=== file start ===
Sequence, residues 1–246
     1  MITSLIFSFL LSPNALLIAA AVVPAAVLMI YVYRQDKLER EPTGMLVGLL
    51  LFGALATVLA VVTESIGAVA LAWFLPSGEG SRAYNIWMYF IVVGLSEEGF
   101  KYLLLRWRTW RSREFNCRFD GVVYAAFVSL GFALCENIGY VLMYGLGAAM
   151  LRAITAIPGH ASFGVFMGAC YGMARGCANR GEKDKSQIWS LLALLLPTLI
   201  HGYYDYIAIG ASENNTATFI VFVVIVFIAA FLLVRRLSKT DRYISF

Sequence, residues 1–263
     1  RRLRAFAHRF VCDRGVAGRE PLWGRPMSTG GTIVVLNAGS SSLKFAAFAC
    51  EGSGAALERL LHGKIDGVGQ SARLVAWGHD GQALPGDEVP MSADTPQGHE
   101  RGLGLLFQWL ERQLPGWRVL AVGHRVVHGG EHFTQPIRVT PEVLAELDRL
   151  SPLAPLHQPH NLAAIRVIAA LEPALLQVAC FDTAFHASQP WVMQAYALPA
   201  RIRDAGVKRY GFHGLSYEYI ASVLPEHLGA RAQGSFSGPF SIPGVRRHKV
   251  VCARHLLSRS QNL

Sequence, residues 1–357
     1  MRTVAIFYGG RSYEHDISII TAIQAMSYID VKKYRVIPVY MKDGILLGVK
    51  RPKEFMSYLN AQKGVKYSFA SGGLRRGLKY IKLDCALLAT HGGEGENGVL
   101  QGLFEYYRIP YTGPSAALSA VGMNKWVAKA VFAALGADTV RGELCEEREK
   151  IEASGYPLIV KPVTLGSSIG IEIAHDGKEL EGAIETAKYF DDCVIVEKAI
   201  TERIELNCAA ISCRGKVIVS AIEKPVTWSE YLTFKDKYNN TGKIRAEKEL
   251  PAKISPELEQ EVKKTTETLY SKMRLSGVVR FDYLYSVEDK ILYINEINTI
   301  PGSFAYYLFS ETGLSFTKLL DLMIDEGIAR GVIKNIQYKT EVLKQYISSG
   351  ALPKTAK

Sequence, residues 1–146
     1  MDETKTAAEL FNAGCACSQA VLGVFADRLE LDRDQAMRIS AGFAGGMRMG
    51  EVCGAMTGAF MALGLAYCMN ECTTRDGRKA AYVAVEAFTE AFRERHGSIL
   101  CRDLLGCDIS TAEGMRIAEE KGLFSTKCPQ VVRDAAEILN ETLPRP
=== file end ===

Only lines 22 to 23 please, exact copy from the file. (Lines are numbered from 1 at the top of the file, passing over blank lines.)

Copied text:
   351  ALPKTAK

Sequence, residues 1–146